Sometimes the best person for a job is the person who doesn’t want that job. Not always, but we all know cases when it proved true.

Once upon a time I was an academic. More often than not, the best administrators were people who assumed their posts reluctantly — and temporarily. No doubt the pattern applies to many lines of work. Do we really want archbishops and police chiefs who dreamed and plotted and prepared to be archbishops and police chiefs?

The idea here is that people are sometimes urged, selected, dragged, inveigled or otherwise coerced into taking a position, often a position of authority, that they don’t want and don’t need, but which they soon turn out to be well suited for.

How does that happen? Well, when a person doesn’t really want a job he or she has nothing to lose by doing it right. So when reluctant and temporary officials see problems that need to be solved, they set about solving them. When they see feathers that need to be ruffled, they ruffle them. When they see enemies who need to be confronted, they confront them. They are less timid and less heavy-handed than someone trying above all to hang onto a treasured job, because always, in the back of their minds, is this happy thought: Sooner rather than later the day will come when I can put all of this behind me and get back to things I would rather be doing.

So, yes, sometimes the best leader is the one with a life beyond a leadership position, who doesn’t even revel in exercising power. Nonetheless, if called, he or she will do the job — and then be done with it.

America had a model for this sort of leader right from the outset: George Washington himself. The man from Mount Vernon loved running his plantation. Had the choice been fully his, Washington would have remained at home rather than preside over the constitutional convention in the summer of 1787. Had the choice been fully his, he would have spurned all efforts to make him our first president. Had the choice been fully his, he would have returned to Mount Vernon after a single term.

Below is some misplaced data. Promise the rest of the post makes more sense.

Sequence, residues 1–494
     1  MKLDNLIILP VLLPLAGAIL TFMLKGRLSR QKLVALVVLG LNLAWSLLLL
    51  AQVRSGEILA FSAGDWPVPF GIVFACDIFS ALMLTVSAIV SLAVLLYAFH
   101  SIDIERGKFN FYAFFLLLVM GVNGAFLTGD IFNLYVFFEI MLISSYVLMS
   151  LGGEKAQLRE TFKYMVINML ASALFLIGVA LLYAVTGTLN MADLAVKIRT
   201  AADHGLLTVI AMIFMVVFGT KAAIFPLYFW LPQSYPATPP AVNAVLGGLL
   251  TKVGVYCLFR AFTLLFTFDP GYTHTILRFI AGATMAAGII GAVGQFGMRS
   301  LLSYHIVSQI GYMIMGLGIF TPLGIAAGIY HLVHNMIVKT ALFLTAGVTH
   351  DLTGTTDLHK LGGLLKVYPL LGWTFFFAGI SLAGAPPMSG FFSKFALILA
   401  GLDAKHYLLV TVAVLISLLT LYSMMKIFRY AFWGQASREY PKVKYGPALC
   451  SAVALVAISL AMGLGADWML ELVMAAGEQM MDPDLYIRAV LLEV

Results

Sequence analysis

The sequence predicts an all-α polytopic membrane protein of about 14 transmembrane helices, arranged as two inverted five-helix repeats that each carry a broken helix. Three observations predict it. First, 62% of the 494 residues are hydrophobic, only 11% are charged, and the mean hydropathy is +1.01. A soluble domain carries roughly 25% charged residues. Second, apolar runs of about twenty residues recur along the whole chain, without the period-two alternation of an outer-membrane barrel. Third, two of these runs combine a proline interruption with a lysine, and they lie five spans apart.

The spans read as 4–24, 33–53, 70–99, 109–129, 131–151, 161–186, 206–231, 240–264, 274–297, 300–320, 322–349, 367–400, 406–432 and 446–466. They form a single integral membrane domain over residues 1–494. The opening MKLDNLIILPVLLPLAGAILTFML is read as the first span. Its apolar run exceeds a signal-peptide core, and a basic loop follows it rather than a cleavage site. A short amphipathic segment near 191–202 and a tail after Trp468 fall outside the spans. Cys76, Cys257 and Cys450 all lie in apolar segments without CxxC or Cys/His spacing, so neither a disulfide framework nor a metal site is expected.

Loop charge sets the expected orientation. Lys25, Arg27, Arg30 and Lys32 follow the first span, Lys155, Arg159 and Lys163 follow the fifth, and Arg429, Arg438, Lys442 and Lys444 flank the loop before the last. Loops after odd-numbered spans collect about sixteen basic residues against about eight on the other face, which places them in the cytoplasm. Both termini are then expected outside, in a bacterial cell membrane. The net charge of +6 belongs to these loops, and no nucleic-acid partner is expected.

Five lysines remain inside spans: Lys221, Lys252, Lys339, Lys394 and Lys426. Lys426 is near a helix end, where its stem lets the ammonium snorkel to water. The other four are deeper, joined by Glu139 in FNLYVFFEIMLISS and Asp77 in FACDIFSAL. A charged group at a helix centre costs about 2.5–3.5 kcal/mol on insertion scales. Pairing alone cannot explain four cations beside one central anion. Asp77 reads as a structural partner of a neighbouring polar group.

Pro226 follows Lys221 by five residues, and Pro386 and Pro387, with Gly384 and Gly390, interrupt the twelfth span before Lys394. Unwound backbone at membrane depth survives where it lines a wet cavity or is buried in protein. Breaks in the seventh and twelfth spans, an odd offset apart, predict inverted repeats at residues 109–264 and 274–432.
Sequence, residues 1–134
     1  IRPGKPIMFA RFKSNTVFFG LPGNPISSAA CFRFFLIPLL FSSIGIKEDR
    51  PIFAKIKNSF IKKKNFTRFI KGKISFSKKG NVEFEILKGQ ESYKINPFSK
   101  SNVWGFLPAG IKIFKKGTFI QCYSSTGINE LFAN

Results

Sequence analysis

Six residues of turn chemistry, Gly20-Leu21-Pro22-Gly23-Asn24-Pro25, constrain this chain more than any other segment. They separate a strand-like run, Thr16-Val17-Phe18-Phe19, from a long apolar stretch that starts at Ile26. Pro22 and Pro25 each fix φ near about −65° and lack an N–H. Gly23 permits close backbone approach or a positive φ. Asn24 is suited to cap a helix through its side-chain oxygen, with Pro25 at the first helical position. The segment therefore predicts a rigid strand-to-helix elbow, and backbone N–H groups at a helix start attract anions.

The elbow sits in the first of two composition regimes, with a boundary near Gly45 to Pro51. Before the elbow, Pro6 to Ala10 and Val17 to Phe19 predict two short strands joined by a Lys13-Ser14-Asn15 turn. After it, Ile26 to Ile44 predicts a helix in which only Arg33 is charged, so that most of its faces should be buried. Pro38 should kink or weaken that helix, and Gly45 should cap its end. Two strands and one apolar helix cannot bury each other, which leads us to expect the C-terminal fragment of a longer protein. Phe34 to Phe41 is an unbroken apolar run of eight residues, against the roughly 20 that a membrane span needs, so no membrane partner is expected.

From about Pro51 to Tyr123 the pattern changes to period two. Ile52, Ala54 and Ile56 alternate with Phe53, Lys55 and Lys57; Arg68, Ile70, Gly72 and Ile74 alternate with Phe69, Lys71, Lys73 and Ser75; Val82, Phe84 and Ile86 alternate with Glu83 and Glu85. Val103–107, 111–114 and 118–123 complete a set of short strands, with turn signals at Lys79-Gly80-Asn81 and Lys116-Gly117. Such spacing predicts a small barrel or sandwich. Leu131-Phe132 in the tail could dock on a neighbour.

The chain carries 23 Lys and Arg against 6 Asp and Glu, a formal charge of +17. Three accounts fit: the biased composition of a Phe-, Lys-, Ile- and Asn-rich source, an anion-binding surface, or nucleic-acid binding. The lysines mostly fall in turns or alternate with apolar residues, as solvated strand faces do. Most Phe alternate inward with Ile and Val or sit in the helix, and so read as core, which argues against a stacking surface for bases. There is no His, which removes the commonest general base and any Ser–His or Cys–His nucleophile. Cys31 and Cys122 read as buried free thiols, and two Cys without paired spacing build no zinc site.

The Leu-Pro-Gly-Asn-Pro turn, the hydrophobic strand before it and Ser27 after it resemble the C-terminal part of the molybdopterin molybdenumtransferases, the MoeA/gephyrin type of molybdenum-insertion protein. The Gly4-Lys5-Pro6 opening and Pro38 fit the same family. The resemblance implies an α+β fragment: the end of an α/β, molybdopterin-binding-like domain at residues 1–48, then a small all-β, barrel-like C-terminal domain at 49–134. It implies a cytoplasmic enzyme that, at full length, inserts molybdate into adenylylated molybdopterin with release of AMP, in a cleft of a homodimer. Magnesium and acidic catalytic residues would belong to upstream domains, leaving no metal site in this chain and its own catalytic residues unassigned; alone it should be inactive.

Here is famed columnist H.L. Mencken on the father of our country: “He was the Rockefeller of his time. A very rich man, he was a promoter of stock companies, a land grabber, and exploiter of minerals and timber. He had a strong liking for forthright and pugnacious men — and a contempt for lawyers, schoolmasters, and other such obscurantists. He was not pious. He drank whiskey whenever he felt chilly. He knew far more profanity than Scripture.” Mencken also hinted that Washington was not without an eye for the fairer sex.

Sound like someone else we know? OK, Donald Trump is not exactly George Washington. But like Washington before him, Trump has given us every indication that he doesn’t really want the job Washington once had. Like Washington, he has another life. Like Washington, he thinks that other life is a far better one.

To be sure, the Donald has his own unique ways of making his reluctance known to us. Focusing only on his public acts, think of the insults hurled at fellow Republicans. His treatment of the press. His failure to organize a grass-roots campaign. His slap-dash debate performances. His thin-skinnedness. The nastiness of his jabs at Hillary Clinton. His refusal to release his tax returns. His even more maddening refusal to hammer away at winning issues. His hints that election would be a kind of demotion. Even his charges of a rigged election play into this theme.

In any number of ways, the man has tried to let us know that he really doesn’t want the job. Maybe our response ought to be to elect him anyway — thereby punishing him in the short run and possibly doing the rest of us a favor in the longer run.

After all, a reluctant occupant of the Oval Office, one anxious to escape after a single term, might be just what the country needs right now. From the border to Obamacare, from the economy to trade, it’s time to start fixing what’s broken before heading wherever home might be.

Here then is the marching order for a reluctant and temporarily demoted “President Trump”: Set the country on a different course, then return, like Washington, to the life you love, at this or that Trump Tower, Trump hotel or Trump golf course.

John C. “Chuck” Chalberg, a former college teacher, is a senior fellow at the Center of the American Experiment.